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The New Jersey Statehouse in Trenton. (Photo: Kevin Sanders for New Jersey Globe)

State budget includes $1 million for NJ PBS

Public television network hired lobbyist in pursuit of state funding

By David Wildstein, March 11 2021 6:21 am

Gov. Phil Murphy’s proposed state budget includes $1 million for New Jersey’s public television network, which hired a powerful Trenton lobbyist to help them obtain funding.

The request to subsidize NJ PBS, known as NJTV until a rebranding last month, came after a the network hired the Kaufman Zita Group in April 2020 to help them convince the Murphy administration to restore subsides for public television.

Scott Kobler, the chairman of the NJ PBS Board of Trustees, said that New Jersey is the only state that provides no financial support for public television.

He said the requested appropriation will help NJ PBS purchase new equipment and increase their ability to provide more programming for New Jerseyans.

But the request for a subsidy could be viewed as bad optics for state politicians, since their news operation covers Murphy and the legislature – and their re-election campaigns in an election year.

Kobler pushed back on any appearance of conflicts.

“It has nothing to do with news and editorial,” said Kobler. “It has to do with nuts and bolts equipment and keep us as reliable as we can be.”

In 2011, then-Gov. Chris Christie closed down the state-run New Jersey Network (NJN) and transfer their operations to WNET Channel 13 in New York.  NJN had received $4 million in the 2010 budget and offered about 120 employees – many of them members of the Communications Workers of America – state health care and pension benefits.

Christie claimed that the state could no longer afford the cost of running a public television station.

As part of the deal, the state sold its public radio licenses to New York Public Radio and WHYY in Philadelphia for about $4.3 million.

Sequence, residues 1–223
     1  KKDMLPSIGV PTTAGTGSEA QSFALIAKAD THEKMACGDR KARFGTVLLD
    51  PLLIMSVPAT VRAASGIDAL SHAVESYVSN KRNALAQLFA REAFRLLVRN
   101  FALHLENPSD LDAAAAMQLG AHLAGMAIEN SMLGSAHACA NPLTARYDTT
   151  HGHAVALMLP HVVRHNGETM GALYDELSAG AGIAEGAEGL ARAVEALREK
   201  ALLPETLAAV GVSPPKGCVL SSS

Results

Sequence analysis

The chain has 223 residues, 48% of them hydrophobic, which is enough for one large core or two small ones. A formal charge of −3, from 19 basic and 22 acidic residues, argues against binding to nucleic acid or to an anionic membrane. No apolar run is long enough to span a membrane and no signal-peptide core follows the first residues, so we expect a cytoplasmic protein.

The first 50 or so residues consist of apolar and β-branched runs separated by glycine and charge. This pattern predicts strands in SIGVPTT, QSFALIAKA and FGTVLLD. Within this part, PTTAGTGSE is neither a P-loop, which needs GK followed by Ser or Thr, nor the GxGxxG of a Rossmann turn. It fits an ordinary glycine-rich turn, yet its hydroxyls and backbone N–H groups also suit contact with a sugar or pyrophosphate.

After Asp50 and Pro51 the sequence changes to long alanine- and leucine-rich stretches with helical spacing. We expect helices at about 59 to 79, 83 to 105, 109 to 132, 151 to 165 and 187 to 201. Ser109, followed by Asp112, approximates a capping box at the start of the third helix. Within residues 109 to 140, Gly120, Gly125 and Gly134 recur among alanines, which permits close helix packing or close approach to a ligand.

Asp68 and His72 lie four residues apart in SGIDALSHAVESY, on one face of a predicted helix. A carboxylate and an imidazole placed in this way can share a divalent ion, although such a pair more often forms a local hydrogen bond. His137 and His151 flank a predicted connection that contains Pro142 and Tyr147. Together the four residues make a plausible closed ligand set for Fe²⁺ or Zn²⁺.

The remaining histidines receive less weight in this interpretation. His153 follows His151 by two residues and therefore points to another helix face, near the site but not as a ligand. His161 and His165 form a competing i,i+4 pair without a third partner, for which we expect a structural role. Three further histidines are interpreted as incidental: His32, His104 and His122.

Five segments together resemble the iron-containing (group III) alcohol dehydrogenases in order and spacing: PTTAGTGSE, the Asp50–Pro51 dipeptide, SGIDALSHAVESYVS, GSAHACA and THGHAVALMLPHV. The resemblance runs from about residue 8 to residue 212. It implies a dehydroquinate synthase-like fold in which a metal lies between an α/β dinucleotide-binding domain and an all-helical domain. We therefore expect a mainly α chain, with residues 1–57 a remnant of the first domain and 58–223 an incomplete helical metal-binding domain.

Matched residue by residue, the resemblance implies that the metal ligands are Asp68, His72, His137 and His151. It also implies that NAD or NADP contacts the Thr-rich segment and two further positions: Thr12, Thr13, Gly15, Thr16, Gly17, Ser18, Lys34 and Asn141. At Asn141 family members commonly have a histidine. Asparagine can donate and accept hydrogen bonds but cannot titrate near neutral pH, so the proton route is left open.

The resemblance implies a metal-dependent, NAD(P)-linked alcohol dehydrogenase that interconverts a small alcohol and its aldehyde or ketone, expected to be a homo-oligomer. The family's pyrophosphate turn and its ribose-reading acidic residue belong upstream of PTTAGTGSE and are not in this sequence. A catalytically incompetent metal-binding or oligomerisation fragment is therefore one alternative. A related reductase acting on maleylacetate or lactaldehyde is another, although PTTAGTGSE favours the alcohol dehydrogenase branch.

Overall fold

The current proposal could put the state back in the public television business, if the legislature approves it.

“We need to go back and look at the separation agreement,” said Senate Budget and Appropriations Committee Chairman Paul Sarlo.

In 2010, the legislature passed a law that gave NJN one year to find independent management.

“What was the agreement on future subsidies?” Sarlo asked.  “We need to ensure that a subsidy is appropriate.  Is it appropriate to give them money and not subsidies for any other media outlets?”

The chair of the Assembly Budget Committee, Eliana Pintor Marin, said she has not yet decided if she will back the proposal.

“Everything is under review,” Pintor-Marin said.

NJ PBS, which operates as Public Media NJ, a non-profit subsidiary of WNET, runs at a $358,00 deficit for fiscal year 2020, records show.

Although revenues increased slightly in the last fiscal year – from $9.79 million in 2019 to $9.86 million — the network’s financial reserves are not enough to finance any programming expansion.

The network spent $94,000 on lobbying expenses in 2020, according to reports filed with the New Jersey Election Law Enforcement Commission.

NJ PBS hired Trish Zita to help them win support for the $1 million appropriation in the FY 2022 budget, paying her $46,000 in 2020.

After bringing on Zita, records show that NJ PBS ended their lobbying contract with Princeton Public Affairs Group, the firm headed by two Republicans who are playing a major role in the campaign of Murphy’s likely GOP opponent, former Assemblyman Jack Ciattarelli.

The funding was first proposed last year, but withdrawn due to the fiscal crisis caused by the coronavirus pandemic.

Micah Rasmussen, the director of the Rebovich Institute of New Jersey Politics at Rider University, said that a state without a local network television — New Jersey is largely divided between the New York and Philadelphia media markets – needs to figure out a way to fill the void.

“This could be a Trenton insider’s view, I will readily admit, but the dearth of New Jersey news is such a longstanding and well-understood truth in our state that it’s a matter not just of state pride but also critical accountability for us to have in-state television coverage,” Rasmussen said.

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